The percentage of “engaged” and “actively disengaged” employees changed more drastically during the pandemic than during the Iraq War or during the attacks of September 11, 2001. The global recession, the preponderance of people working from home, and the cataclysm that precipitated it created more variability in terms of employee engagement than has been seen in recent times. Those managers who understand the implications of Kahneman’s research appear to have been able to manage their teams with the best outcomes.

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How to cite this article: Cable, J. (2021). The Workplace Moving Forward: How the Pandemic Changed the Workplace; Commentary, PM World Journal, Vol. X, Issue IX, September. Available online at https://pmworldlibrary.net/wp-content/uploads/2021/09/pmwj109-Sep2021-Cable-Shields-the-workplace-moving-forward.pdf


About the Author


John Cable

Director, Project Management Center for Excellence
University of Maryland, College Park, MD, USA

 

 John Cable is Director of the Project Management Center for Excellence in the A.James Clark School of Engineering at the University of Maryland, where he is also a professor and teacher of several graduate courses in project management. His program at the University of Maryland offers masters and PhD level programs focused on project management. With more than 1,300 seats filled annually with students from many countries, including more than 40 PhD students, the program is the largest graduate program in project management at a major university in the United States.

John Cable served in the newly formed U.S. Department of Energy in 1980, where he was involved with developing energy standards for buildings, methods for measuring energy consumption, and managing primary research in energy conservation.  As an architect and builder, Mr. Cable founded and led John Cable Associates in 1984, a design build firm. In 1999 he was recruited by the University of Maryland’s Department of Civil & Environmental Engineering to create and manage a graduate program in project management. In his role as founder and director of the Project Management Center for Excellence at Maryland, the program has grown to offer an undergraduate minor, master’s degrees, and a doctoral program. Information about the Project Management Center for Project Management at the University of Maryland can be found at www.pm.umd.edu.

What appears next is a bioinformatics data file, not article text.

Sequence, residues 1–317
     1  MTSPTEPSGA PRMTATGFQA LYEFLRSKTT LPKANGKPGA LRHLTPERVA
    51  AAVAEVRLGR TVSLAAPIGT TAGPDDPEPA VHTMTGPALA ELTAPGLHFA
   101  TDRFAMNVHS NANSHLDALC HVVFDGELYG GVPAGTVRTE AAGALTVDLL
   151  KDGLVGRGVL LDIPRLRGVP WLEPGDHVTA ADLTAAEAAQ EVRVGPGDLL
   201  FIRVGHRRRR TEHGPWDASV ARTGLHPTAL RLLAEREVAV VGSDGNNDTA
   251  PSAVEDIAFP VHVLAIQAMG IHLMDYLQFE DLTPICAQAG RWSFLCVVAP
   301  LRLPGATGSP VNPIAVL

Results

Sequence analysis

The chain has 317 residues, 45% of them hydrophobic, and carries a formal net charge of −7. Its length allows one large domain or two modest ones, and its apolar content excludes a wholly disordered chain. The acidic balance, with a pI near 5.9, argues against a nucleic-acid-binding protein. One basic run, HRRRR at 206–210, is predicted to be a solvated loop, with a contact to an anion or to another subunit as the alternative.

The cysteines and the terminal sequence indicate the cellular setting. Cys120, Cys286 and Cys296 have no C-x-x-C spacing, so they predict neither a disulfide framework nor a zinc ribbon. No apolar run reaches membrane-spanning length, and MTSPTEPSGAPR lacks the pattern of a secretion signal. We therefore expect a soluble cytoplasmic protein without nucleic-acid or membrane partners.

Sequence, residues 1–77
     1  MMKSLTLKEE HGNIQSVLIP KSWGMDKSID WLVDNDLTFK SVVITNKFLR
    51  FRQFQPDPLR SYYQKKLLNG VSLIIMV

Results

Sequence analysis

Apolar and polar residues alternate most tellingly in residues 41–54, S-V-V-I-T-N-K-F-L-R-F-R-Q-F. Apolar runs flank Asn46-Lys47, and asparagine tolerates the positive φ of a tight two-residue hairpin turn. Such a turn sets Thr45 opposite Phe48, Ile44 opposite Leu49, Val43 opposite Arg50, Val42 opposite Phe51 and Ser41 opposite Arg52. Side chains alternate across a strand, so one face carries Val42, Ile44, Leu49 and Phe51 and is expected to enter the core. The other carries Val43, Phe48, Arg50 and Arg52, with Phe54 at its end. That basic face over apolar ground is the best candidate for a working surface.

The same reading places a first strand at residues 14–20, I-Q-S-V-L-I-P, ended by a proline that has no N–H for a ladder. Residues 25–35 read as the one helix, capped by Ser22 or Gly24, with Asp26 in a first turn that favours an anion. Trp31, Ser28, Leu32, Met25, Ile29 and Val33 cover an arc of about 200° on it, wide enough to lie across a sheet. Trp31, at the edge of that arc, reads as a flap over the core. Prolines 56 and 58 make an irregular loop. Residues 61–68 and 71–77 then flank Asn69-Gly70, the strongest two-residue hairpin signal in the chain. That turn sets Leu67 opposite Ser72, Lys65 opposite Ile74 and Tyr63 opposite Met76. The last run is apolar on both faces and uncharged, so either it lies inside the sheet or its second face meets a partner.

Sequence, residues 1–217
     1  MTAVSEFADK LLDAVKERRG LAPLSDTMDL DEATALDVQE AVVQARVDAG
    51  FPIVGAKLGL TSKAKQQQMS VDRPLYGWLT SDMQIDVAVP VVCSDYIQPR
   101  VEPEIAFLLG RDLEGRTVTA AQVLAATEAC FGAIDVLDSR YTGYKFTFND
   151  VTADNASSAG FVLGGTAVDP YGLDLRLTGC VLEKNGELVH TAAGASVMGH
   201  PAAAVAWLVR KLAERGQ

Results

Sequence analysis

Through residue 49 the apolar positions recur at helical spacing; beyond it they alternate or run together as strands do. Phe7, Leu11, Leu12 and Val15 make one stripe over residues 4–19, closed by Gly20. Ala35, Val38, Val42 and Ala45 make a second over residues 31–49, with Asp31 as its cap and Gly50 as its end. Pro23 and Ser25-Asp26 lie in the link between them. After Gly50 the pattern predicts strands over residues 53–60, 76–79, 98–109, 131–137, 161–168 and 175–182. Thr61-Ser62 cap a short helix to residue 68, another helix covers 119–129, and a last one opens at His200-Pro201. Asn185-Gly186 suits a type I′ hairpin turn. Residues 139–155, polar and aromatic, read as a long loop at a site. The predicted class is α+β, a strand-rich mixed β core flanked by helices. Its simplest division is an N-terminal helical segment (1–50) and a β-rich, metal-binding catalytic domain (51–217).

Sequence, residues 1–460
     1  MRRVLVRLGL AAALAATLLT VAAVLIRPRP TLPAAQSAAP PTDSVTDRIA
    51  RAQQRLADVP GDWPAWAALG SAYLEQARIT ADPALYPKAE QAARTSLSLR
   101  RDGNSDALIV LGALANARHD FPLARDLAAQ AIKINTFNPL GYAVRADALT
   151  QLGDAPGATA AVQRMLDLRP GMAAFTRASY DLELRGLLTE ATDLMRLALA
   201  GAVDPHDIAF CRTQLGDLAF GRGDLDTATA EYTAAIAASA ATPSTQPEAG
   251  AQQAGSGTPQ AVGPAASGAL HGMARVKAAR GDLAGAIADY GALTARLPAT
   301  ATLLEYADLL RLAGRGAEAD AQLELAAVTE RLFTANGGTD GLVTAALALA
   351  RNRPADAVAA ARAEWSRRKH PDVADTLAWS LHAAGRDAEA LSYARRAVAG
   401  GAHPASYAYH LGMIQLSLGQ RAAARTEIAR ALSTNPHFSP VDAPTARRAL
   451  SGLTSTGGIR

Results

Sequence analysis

In 2002, PMI formed the Global Accreditation Center for Project Management Educational Programs (GAC).  Mr. Cable was appointed to that inaugural board where he served as vice chair.  In 2006, he was elected as chairman, a role he held through 2012.  As Chair of the PMI GAC, John led the accreditation of 86 project management educational programs at 40 institutions in 15 countries in North America, Europe, the Middle East, Latin America and the Asia Pacific Region. John was awarded PMI’s 2012 Distinguished Contribution Award for his leadership at the GAC.  He can be contacted at jcable@umd.edu.

To view other works by John Cable, visit his author showcase in the PM World Library at https://pmworldlibrary.net/authors/john-cable/

[1] Thinking Fast and Slow by Daniel Kahneman published in 2011 by Farrar, Straus, and Giroux ISBN 978-0374275631